Marie Dorlus of Dorchester/Mattapan Catholic Collaborative, one of six nurses completing the archdiocese's Foundations of Faith Community Nursing course this spring, receives her pin during a ceremony at the archdiocese's Pastoral Center, April 21. Pilot photo/Mark Labbe
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BRAINTREE -- For up to a dozen hours each week, Barbara Logan visits the sick and the elderly. She visits them in assisted living facilities, in hospitals, in their own homes, going to them because often they cannot come to her. She brings them Communion and holds their hand, speaks to them about their health and their health care, and sometimes just about life and about death. She might check their medications or their blood pressure, and refer them if something seems wrong.
A parishioner of Holy Trinity Parish in Quincy, Logan is a parish nurse. It's a volunteer position, something to keep her busy since retiring in 2010 after decades of working as a recovery room nurse.
"I didn't want to just retire and not do anything," Logan told The Pilot April 21. Parish nursing "keeps me doing what I love."
Medically-based and incorporating spirituality, parish nursing, also called faith community nursing, is motivated by the idea of giving -- giving one's time and experience to lend support to a local or parish community, particularly to those in the community who cannot support themselves.
The Archdiocese of Boston has a ministry dedicated to parish nursing, the Faith Community Health and Parish Nursing Ministry. Led by director Deacon James Greer, the ministry serves as a way to educate, create, and lend support to parish nurses throughout the archdiocese and beyond.
Logan's daughter, Karen Wenger, a former ER nurse and a nurse educator, is the Faith Community Nursing Educator for the archdiocese. She runs the faith community nursing courses, and is responsible for forming parish nurses. Since first coming to the archdiocese about four years ago, Wenger has formed and educated dozens of parish nurses.
Speaking to The Pilot April 20, Wenger said she has had people in her classes from other dioceses, and has educated people of different faiths. Faith community nursing, she explained, isn't just open to Catholics, or even Christians for that matter. It is training that can be beneficial to anyone, and to any community.
In essence, she said, parish nursing is about helping communities, helping people, and "Everything we do is to promote the inherent dignity of the human person."
Lately, there has been a push to aid in the opioid epidemic, and many area parish nurses are putting up posters and signs, handing out flyers, and collaborating with community groups to explain the dangers of drug abuse and the disease of addiction.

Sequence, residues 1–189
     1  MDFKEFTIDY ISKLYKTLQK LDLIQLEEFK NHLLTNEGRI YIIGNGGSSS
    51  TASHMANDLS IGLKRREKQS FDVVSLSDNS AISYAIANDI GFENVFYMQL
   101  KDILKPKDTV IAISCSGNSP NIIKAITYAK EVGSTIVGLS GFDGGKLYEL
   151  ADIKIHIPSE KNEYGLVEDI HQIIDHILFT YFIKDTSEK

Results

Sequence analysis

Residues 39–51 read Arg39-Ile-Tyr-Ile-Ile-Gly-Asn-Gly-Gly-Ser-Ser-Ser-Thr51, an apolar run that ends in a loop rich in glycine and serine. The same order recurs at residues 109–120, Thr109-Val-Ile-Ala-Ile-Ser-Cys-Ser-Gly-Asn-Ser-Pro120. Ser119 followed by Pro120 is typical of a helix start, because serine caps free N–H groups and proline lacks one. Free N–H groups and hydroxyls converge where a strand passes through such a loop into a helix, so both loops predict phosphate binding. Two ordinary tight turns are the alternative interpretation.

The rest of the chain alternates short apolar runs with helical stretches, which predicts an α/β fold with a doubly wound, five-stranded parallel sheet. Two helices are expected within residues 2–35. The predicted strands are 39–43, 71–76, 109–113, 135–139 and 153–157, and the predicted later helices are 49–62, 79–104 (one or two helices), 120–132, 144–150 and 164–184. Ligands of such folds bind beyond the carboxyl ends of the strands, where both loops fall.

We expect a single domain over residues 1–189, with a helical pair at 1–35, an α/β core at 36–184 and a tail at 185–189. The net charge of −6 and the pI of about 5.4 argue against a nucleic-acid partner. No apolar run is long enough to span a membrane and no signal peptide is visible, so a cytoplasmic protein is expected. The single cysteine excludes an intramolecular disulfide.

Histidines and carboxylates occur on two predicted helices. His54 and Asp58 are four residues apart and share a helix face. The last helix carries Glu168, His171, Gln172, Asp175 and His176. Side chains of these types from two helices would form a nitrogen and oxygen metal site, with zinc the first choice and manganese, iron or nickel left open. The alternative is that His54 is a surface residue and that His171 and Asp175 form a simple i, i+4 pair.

Many other parish nurses aid the elderly or the sick with after-hospital care, including speaking with them about medications and their plan for health care. Other times, a parish nurse might host a free blood pressure clinic at his or her parish, or give an educational talk.
"There's all different things we can do, it really depends on who's in our parishes, what are their healthcare needs (and) what are people looking for in terms of information," she said.
Logan and Wenger took a parish nursing course together back in the early 2000s. Earlier this month, the two also attended an international conference on faith community nursing at the International Parish Nurse Resource Center in Memphis, Tennessee.
According to Logan, the conference was attended by about 300 people, and served as an opportunity to learn best practices and connect with other parish nurses.
The courses Wenger teaches are based on materials from the Memphis center. Typically, the courses involve a little less than 40 contact hours, and have taken place on Saturdays at the archdiocese's Pastoral Center in Braintree. They run all day on Saturdays, taking about five sessions to complete the course. Generally, said Wenger, courses are offered twice a year.
On April 21, Wenger's most recent course came to a close with the "graduation" of six prospective parish nurses. At the Pastoral Center, the graduates participated in a prayer service, and were given certificates and pins. A few family members of the graduates were present, and clapped as their loved one received their recognition.
At a small reception held following the ceremony, Charles Bergeron, one of the new graduates, told The Pilot the course was "very thorough," and had "a lot of spirituality involved in it," which, as a Catholic and a parishioner of St. Mary of the Annunciation in Danvers, was something he enjoyed.
Bergeron is a nurse case manager, and though he enjoys the job, he doesn't know how much longer he will do it. He is approaching retirement age, he said, and he's beginning to plan for life after retirement.
To him, after years of working to support himself and his family, retirement would mean "more time for the Church," and for the community.
"I want to do something towards the later part of my life for other people," he said, and thought that parish nursing would be a good step.
"I think it is my time to give back to the community," he said, his new pin pinned on his shirt, his certificate on the table that stretched out before him.